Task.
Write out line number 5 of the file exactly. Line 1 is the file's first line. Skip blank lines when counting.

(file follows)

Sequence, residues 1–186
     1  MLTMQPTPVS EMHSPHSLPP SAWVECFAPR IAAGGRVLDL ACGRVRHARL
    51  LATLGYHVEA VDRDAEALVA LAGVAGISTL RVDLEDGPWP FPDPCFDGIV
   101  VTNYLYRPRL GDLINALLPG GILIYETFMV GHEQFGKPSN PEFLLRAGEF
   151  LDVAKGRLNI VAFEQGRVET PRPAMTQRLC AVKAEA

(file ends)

   151  LDVAKGRLNI VAFEQGRVET PRPAMTQRLC AVKAEA